La Grange Homeschooling Resources for Home Schoolers

homeschool kindergarten curriculum

As many families celebrate a new year a great number is looking forward to making changes to their child’s education. It is no surprise that keywords like Home School Programs are now trending on Google. If you’re searching for homeschooling in La Grange, TX, than Great Homeschool has something for you! Our events offer you with a ton of info for everyone searching for homeschooling lesson plans  and resources.

In case you are contemplating which way to go when it comes to your child’s education, you could be questioning, how is home-schooling unlike public schooling in Texas?

Regular schooling has lots of pros and cons, similar to home schooling your children. Traditional school is to aid your son or daughter in grasping regulation and reliability while offering them the place to meet friends and blossom socially. The down-side? Traditional are becoming increasingly unsafe. And even in the ideal public school, there is a chance that the child will probably be harassed or perhaps not receive the right amount of care that they should have to thrive academically.

Homeschooling is wonderful in the sense that this allows the little one to get the right amount of devotion that they must have to prosper. Courses are set up to either help the parent to train their child or permit the kids use a “satellite” teacher who gives tests, mark work and gives the advice a public school teacher would. Either way, the little one gets a one-on-one learning experience that may be extremely hard in public schools. But, it can be a trying time for a child who craves to interact with other students or needs assistance with structure. So, it is essential to stay with a routine and enable the child to create time for friendships and group outings so that he / she won’t be at a disacvantage.

How To Get Started Home-Schooling in La Grange

Seeing the movement toward home-schooling, lots of people are questioning the way to start homeschooling. Honestly, homeschooling, will be the wave of the future using the planet as the classroom.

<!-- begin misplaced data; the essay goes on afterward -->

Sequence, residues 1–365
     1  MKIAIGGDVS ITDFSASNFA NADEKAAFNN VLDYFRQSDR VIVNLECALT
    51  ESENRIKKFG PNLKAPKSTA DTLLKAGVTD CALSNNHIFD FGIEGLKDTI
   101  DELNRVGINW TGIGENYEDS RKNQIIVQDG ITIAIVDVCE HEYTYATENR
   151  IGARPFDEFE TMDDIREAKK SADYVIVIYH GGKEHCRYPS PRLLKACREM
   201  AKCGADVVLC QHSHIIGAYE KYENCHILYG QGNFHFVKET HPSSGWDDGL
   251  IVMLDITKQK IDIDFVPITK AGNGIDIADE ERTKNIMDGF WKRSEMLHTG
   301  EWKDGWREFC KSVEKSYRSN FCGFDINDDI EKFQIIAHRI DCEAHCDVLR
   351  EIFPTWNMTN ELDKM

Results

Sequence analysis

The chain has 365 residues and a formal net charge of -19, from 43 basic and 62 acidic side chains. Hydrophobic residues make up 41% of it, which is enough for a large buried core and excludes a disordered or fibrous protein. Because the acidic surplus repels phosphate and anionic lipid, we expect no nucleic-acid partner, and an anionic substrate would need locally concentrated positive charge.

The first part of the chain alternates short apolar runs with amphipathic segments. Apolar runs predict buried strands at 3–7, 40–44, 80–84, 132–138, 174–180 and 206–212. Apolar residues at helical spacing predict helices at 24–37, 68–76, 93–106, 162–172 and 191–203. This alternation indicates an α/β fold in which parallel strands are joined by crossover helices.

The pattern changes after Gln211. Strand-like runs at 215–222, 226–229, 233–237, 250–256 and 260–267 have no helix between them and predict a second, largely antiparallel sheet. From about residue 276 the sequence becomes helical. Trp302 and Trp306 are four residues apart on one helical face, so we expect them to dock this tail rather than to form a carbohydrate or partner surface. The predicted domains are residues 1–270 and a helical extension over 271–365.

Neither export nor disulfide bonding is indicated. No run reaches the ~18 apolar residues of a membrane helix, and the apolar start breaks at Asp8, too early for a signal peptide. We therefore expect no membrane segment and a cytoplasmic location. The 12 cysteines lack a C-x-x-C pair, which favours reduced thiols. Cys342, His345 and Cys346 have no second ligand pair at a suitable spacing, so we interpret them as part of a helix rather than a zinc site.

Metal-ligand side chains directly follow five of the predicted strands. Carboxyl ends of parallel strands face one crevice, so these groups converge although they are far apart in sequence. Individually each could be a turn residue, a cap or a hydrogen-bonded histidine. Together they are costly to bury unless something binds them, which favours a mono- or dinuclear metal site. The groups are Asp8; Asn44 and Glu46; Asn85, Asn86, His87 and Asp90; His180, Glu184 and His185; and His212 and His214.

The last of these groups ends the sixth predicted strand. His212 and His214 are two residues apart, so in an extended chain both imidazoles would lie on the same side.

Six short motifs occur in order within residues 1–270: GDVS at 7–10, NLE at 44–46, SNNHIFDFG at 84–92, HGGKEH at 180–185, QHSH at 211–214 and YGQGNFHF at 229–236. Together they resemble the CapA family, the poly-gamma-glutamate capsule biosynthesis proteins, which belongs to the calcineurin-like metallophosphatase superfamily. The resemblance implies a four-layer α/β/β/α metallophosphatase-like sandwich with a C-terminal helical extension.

From the moment a kid comes into the world he or she is learning. When looked at from this viewpoint, it is easier than ever to begin on education. As children begin to show a desire for education it’s time to try teaching them numbers, the alphabet, shapes and colors. When a youngster is ready for kindergarten, those who are thought in this style will already know how to read, write and say their own address.

Once the kid reaches school age, many states will require that this home schooling parents file an teaching plan with the school district. Parents may go choose from a variety of ways to teach their kids. From online groups to groups in the school district close to where the child would attend.

There are a variety of great selections for home-schooling. Programs would also be found as correspondence courses. Students will be asked to convince their state occasionally they are with the same level his or her peers or over that degree of education. For additional details on homeschooling in La Grange, Texas, and how Great Homeschool Convention can impact you kid’s homeschooling experience check out our blog.

Top Post About Homeschooling in La Grange

Mud Pies as Soul Food

I like having time to be wild and messy and dirty and be someplace else in my mind. Because then eventually I want to come back home where I belong. Where I can be clean and warm and safe and loved and feel peace in my heart. After I have felt all those things for a while then I’m ready to be messy and wild again. That’s the kind of circle I love for growing up.
—age 8